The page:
Targeting pancreatic β-cell fitness competition in diabetes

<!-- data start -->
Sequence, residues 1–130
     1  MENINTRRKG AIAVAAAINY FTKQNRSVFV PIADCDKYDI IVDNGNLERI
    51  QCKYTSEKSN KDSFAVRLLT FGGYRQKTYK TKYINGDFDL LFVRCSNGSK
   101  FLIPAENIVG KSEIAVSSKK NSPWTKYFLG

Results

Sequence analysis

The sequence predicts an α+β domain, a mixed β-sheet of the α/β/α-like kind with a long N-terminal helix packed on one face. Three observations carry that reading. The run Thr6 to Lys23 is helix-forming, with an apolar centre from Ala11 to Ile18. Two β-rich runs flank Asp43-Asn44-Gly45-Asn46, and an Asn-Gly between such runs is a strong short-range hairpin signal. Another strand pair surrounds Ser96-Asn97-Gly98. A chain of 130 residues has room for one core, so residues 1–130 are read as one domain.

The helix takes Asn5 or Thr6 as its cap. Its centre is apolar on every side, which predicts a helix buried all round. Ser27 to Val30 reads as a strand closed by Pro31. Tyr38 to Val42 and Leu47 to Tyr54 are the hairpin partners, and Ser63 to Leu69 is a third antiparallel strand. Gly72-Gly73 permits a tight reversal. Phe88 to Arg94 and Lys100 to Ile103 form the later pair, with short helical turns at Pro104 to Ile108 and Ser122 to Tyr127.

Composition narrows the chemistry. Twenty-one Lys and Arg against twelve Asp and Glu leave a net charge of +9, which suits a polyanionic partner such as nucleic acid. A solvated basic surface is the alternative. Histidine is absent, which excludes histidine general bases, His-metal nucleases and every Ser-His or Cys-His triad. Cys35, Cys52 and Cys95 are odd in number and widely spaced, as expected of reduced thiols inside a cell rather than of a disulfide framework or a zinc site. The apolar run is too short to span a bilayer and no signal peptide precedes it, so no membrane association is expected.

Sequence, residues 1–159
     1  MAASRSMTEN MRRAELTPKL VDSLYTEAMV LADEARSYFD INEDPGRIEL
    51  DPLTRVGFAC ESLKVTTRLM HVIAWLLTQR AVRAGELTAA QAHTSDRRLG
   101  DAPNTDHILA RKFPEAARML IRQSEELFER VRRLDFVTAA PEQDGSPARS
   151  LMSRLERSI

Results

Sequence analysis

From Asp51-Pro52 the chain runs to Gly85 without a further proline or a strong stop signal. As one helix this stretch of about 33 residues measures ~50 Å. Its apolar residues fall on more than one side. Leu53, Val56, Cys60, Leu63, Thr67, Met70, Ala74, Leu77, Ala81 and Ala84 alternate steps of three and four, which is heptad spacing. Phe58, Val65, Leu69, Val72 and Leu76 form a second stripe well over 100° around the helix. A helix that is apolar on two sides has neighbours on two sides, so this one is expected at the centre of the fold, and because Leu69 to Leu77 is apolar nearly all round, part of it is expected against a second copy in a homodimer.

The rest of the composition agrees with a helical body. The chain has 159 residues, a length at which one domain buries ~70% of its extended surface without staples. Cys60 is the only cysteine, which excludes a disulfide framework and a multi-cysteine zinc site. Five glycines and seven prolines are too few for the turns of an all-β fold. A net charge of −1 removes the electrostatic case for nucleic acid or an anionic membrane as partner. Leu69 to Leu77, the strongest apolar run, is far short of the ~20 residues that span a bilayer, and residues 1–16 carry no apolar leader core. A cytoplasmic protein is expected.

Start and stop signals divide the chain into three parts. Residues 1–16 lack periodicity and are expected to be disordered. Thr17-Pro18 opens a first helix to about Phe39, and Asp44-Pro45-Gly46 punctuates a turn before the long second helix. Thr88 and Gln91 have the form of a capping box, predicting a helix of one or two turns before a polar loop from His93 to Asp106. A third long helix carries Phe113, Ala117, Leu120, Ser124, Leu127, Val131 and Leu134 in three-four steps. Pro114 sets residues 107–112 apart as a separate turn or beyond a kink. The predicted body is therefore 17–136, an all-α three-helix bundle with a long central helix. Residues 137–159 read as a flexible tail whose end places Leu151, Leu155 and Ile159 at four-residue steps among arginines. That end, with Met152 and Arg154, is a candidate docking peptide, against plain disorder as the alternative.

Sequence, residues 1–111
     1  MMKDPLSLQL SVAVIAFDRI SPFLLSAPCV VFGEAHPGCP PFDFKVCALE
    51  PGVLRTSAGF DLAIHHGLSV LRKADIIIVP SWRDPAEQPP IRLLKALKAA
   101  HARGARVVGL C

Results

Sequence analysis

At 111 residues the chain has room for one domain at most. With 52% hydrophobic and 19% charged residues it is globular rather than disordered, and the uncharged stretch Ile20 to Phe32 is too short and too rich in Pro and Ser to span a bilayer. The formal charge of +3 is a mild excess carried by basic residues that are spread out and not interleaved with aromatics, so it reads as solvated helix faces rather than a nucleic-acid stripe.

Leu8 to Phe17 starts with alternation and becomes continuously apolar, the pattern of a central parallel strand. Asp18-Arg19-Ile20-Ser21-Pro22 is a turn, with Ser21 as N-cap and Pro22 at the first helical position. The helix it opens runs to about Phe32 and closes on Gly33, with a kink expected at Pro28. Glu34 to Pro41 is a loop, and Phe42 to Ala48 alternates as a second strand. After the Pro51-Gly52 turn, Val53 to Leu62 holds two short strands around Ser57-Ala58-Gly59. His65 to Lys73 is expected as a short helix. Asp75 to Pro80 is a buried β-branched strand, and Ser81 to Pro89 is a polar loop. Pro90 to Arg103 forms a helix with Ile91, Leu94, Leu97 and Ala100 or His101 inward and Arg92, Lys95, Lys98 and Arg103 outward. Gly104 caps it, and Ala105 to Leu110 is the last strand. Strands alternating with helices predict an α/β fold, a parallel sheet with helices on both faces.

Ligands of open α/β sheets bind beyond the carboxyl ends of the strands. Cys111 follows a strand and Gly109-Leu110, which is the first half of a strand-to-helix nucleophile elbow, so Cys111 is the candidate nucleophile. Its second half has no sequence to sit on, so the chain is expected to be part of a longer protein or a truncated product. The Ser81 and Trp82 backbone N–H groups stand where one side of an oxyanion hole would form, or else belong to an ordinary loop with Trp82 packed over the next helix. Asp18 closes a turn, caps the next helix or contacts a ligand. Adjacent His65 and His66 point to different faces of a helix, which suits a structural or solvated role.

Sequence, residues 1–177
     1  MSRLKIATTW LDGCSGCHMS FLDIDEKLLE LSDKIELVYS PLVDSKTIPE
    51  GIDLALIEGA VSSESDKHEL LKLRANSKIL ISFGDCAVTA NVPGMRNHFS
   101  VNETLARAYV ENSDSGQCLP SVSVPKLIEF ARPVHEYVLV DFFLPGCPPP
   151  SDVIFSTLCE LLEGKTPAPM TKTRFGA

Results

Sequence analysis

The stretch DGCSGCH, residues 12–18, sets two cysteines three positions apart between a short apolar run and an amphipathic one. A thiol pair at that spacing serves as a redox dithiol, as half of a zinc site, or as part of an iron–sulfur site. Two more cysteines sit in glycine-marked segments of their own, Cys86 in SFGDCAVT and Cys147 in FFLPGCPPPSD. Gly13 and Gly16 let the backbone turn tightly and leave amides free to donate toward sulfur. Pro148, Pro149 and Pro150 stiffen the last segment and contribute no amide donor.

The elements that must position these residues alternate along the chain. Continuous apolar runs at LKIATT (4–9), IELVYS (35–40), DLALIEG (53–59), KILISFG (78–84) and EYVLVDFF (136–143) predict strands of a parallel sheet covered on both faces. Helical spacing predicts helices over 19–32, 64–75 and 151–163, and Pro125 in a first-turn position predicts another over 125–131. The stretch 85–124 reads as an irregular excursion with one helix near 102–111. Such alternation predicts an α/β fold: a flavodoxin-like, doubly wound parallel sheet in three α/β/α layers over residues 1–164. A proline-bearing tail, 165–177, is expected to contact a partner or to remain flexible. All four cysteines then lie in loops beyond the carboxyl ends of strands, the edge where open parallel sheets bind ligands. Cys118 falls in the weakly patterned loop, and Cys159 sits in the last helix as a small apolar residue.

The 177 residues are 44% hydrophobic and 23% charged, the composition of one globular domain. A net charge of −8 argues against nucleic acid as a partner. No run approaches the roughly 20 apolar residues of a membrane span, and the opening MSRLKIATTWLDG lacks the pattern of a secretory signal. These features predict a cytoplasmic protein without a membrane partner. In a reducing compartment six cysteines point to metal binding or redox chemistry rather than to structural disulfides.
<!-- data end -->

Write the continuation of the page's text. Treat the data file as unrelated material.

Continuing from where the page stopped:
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Aging post-mitotic cells and tissues are subjected to a variety of stressors, of which misfolded proteins and endoplasmic reticulum stress play a major part. Our group is interested in the effect of such stresses on a complex glandular organ like the pancreas1, 2, and has generated compelling evidence supporting the premise that cell fitness competition is an essential regulator of the health and function of the adult endocrine pancreas 3. Cell fitness competition is emerging as a critical mechanism of post-mitotic tissue homeostasis; it is a process that embodies the constant monitoring and culling of aged, injured, or dysfunctional cells in adult tissue so that healthier and functional cells can thrive4. In a multi-cellular society, fitness is the metric of wealth, enabling “fit” cells to monopolize space and resources at the expense of their “less fit” neighbors. The process relies on detecting the differential expression of quality control proteins across several essential pathways—from energy production and metabolism to replication—in what has been termed the “fitness fingerprint.” In a healthy system, cells expressing the “loser” fitness fingerprint are quietly removed and replaced by healthy (“winner”) cells through replication and regeneration, so that the overall tissue size doesn’t change but cell fitness is maintained. As such, the presence of β-cell competition may also explain a negligible rate of replication in human adult β-cells in endocrine pancreas. Unlike some organs, such as the skin, where cells undergo high turnover constantly (high replication and high rates of cell death), in the healthy pancreas, the low rate of β-cell replication is reflective of the low rate of injury/death. Besides, given that replication during cell fitness competition would occur in a compensatory manner relative to the rate of cells undergoing cell death, the overall result will have no effect on the β-cell mass. This is precisely what we observe in type-2 diabetes (T2D), whereas the overall β-cell mass doesn’t change dramatically, but the pancreatic function becomes compromised as unpurged, injured β-cells accumulate. Interestingly, proteotoxicity (such as caused by toxic oligomers of islet amyloid pancreatic polypeptide, IAPP) that accumulates with aging was previously affiliated with the “loser cell” status5. We also previously demonstrated that 30–60% of all β-cells from patients with diabetes have abnormalities that mirror the fitness fingerprints of loser (damaged) cells, with a predominant feature being proteotoxicity and metabolic remodeling by the HIF1α-PFKFB3 injury/repair pathway3, 6, 7. However, instead of these cells being targeted and removed as usual, this extrinsic control of tissue function and regeneration apparently falls short in the context of chronic stress, leading to the persistent accumulation of glucose-intolerant β-cells. Our model postulates that cell fitness comparison is, essentially, a gatekeeper to pancreatic tissue homeostasis and regeneration, by which: (1) misfolded protein stress favors a population of predominantly loser cells; (2) chronic stress from environmental factors, i.e., obesity, accumulates and eventually impedes or mitigates the culling of loser cells8; and (3) the coupling of step 1 and step 2 leads to an imbalanced pancreatic islet system, flooded with loser cells that are no longer responsive to metabolic indicators and that threaten pancreatic islet function and onset of disease.